You're actually trying to argue that the Apollo program was not meaningful?

Let alone all exploration that doesn't result in immediate colonization?


It propelled technology:

> Here are some Apollo specific innovations: microchip, cordless tools, joystick, CAT scans, technology in MRI machines, modern shoe designs, freeze dried food, vacuum sealed packages, dampening material, retro-reflector (detects chemical leaks), water purification, silicon based storage of records, fly-by-wire, ground water cleaning, large fabric roofs used in landmark buildings, anti-tip rafts, insulation blankets, and countless others.



The microchip was invented in the 1950’s well before the Apollo program. Don’t get me wrong space flight is useful. But, going to the moon on it’s own is a tiny step in actually expanding civilization beyond earth.

In that context, the ISS as a long term space structure is a far larger achievement than walking on the moon.

The moon landing itself, that's reasonably fair. However given the overlap with Gemini (many experiments ended up having to be adapted on the fly), Apollo Applications (like ASTP and SkyLab) and subsequent programs that built off of them, there's quite a lot of scientific understanding and secondarily, technological advancement and international cooperation that couldn't have come as easily from sending robots for a lot of that.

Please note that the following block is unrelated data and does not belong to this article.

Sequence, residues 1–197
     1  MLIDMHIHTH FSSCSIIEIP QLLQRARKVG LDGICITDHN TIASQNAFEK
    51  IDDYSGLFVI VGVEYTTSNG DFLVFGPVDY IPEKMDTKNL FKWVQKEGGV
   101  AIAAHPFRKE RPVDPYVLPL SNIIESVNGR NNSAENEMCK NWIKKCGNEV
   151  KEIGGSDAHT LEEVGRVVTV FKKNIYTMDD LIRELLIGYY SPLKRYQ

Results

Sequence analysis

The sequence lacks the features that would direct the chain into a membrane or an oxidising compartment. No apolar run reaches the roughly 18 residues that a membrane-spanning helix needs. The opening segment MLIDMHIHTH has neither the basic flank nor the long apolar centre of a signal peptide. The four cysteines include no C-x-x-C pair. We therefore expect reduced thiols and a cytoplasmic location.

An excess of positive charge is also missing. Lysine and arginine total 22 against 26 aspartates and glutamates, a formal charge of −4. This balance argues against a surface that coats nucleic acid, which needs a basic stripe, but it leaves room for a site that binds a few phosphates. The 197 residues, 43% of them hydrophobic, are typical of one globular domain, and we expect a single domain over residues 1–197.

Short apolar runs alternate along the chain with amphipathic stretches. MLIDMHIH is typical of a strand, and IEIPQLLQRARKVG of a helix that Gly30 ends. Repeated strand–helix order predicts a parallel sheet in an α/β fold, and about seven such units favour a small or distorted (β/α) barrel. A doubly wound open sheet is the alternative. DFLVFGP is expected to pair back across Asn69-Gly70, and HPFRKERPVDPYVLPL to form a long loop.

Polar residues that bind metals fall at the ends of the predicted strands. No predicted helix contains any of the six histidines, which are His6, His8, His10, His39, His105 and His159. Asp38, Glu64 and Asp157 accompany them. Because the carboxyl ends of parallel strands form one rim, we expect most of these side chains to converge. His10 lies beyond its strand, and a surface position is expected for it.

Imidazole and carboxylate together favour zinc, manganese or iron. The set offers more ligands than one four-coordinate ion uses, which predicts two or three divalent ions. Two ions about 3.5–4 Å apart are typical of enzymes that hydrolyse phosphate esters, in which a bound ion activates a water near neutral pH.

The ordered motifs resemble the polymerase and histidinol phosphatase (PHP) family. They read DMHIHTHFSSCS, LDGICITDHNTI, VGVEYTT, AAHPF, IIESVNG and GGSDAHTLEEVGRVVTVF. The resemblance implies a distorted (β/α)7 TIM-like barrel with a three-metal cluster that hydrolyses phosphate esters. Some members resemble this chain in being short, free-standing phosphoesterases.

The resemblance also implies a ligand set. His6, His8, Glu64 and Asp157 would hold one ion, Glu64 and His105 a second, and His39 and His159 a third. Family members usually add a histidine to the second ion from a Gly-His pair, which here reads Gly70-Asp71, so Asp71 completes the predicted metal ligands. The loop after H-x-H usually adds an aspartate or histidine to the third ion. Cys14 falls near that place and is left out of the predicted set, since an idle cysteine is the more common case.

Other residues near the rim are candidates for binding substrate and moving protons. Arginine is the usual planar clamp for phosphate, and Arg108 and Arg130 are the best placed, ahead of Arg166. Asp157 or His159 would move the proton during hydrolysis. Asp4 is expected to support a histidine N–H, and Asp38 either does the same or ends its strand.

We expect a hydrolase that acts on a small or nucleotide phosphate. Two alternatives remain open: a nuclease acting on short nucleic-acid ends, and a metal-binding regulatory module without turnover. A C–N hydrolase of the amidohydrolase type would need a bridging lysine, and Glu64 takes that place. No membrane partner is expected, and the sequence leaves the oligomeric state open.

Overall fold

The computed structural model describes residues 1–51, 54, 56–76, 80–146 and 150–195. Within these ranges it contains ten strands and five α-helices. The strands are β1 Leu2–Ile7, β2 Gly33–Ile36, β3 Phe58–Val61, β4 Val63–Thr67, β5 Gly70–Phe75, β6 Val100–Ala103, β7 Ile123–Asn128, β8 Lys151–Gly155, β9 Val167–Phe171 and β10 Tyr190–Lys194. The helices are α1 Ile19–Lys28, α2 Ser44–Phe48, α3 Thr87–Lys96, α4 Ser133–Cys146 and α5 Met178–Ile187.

But partly I just disagree with the premise that we gained nothing by someone being the first to the South Pole. No one's going to send well-funded and well-equipped professional scientists until it's proven it can be done. The explorers who have to work on figuring out how to get there contribute to those who come after them with more certain paths. It's like saying we gained nothing by having Gemini dock with an Agena. Sure it was mostly a stunt in many respects, but they had to work out all the math and logistics behind rendezvous that made Apollo possible, and that we now use all the time on the ISS.

To rephrase, I'm not saying this isn't a historical milestone. Though since you're leaning quite heavily on this, I'll add that printed word is probably a bigger deal than most of the things you mentioned, even if it doesn't have the ring of space flight or nuclear fission. But, this is not what I meant to discuss.

To come back to my point, the astronauts were singled out and idolized and that didn't have a bearing on reality. If today someone were to muster modern science into an astounding vehicle of marvelous engineering and ambition, and it would require a human technician to operate, and let's say I would be that technician, you wouldn't say that I'm a hero or a person of extreme merit, because I would be just a technician.

Enter framing. If I would operate the device or vehicle on some interesting journey, and I would then go off to shake hands with some politicians, and there was some incentive for the media apparatus to spin this in some simplistic, easily graspable way, they would have everything they needed, and I'd become a vivid symbol of that marvelous flowering of our civilization (or of US, given the Cold War context).

Will you ask the casual observer to grasp the grandiose complexity of what led to this event, or will you just give him a pawn-head in the form of an astronaut and say "idolize him", thus letting him confuse a flashy front-man for the real thing?

They are heros because they risked their lives. There was a serious chance of dying, but they went out there for something that was more of a benefit to other people than it was to them.

That's true, I guess I got carried off with my point and didn't think about what the journey was like for them. Though, it doesn't really retract from my point about misplaced idolization.

It most certainly was not just about cold war propaganda. The dream to reach for the heavens has existed since antiquity. ad astra per aspera, as the saying goes.